IN THE SUPREME COURT OF APPEALS OF WEST VIRGINIA

January 1992 Term

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No. 20289

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THE BOARD OF EDUCATION OF THE COUNTY OF WOOD,

A WEST VIRGINIA STATUTORY CORPORATION,

Petitioner, Appellee

v.

DONALD ENOCH,

Respondent, Appellant

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Appeal from the Circuit Court of Wood County

Honorable George W. Hill, Jr. Judge

Civil Action No. 90-P-120

AFFIRMED

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Submitted: January 15, 1992

Filed: February 6, 1992

Modified: March 13, 1992

Howard E. Seufer, Esquire
Bowles Rice McDavid Graff & Love
Parkersburg, West Virginia
Attorney for the Appellee

Joseph P. Albright, Jr., Esquire
Albright, Bradley & Ellison
Parkersburg, West Virginia
Attorney for the Appellant

JUSTICE NEELY delivered the Opinion of the Court.

SYLLABUS BY THE COURT

        1.    Hiring requirements for special summer programs established pursuant to the Assistance for Education of All Handicapped Children Act, 20 U.S.C. 1411 et seq., are governed by W. Va. Code, 18A-4-8b(a) [1988].

        2.    "Under W. Va. Code, 18A-4-8b(a) (1983), decisions of a county board of education affecting teacher promotions and the filling of vacant teaching positions must be based primarily upon the applicants' qualifications for the job, with seniority having a bearing on the selection process when the applicants have otherwise equivalent qualifications or where the differences in qualification criteria are insufficient to form the basis for an informed and rational decision." Syllabus Point 1, Dillon v. Bd. of Educ. of County of Wyoming, ___ W. Va. ___, 351 S.E.2d 58 (1986).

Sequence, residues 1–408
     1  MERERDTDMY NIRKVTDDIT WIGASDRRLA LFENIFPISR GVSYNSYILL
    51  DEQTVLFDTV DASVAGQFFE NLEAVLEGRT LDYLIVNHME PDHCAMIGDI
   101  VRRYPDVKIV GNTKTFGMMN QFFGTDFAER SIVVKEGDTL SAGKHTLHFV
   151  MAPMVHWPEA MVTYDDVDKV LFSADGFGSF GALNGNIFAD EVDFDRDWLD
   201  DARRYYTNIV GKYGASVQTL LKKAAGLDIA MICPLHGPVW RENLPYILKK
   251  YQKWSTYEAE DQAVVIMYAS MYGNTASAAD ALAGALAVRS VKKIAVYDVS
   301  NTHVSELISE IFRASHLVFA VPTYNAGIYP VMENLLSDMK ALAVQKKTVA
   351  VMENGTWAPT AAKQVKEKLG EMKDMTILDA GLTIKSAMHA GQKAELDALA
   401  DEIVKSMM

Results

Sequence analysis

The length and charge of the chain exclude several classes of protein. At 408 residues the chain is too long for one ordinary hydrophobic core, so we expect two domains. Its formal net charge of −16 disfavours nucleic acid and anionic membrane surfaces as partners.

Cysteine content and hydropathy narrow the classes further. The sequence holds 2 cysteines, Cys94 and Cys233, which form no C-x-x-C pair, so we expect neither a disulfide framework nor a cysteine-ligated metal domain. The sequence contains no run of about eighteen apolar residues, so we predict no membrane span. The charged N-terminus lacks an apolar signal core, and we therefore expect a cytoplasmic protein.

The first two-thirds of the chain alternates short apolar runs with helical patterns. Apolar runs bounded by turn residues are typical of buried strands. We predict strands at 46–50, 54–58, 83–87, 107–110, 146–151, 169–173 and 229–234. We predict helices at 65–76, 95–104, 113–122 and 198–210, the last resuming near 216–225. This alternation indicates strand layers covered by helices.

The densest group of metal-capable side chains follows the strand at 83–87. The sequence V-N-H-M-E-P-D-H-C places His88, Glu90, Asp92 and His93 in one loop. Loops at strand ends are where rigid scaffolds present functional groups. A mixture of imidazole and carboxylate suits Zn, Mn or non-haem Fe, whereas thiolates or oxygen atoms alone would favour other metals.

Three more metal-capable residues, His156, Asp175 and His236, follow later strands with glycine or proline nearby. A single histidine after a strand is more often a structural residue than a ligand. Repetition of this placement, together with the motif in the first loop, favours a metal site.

3.    "County boards of education have substantial discretion in matters relating to the hiring, assignment, transfer, and promotion of school personnel. Nevertheless, this discretion must be exercised reasonably, in the best interests of the schools, and in a manner which is not arbitrary and capricious." Syllabus Point 3, Dillon v. Bd. of Educ. of County of Wyoming, ___ W. Va. ___, 351 S.E.2d 58 (1986).

        4.    A board of education making a hiring decision under W. Va. Code, 18A-4-8b(a) [1988] should use its best professional judgment to select the applicant best suited to the needs of the students based on qualifications and evaluations of the applicants' past service. Only when all other factors are equal should a board of education look to seniority.

Neely, J.:

        Donald Enoch brought a grievance against the Wood County Board of Education to the West Virginia Education and State Employees' Grievance Board, alleging that Mr. Enoch was improperly denied employment as a special summer program teacher at the Martin School in Parkersburg. The hearing examiner granted Mr. Enoch's grievance and ordered the Board of Education to pay the appellant back wages and benefits. The Board of Education sought review in the Circuit Court of Wood County, which found that the hearing examiner's decision "[was] clearly wrong and contrary to law and even seems to have been capricious." Mr. Enoch now appeals the order of the circuit court reversing the decision of the West Virginia Education and State Employees' Grievance Board. We affirm the circuit court.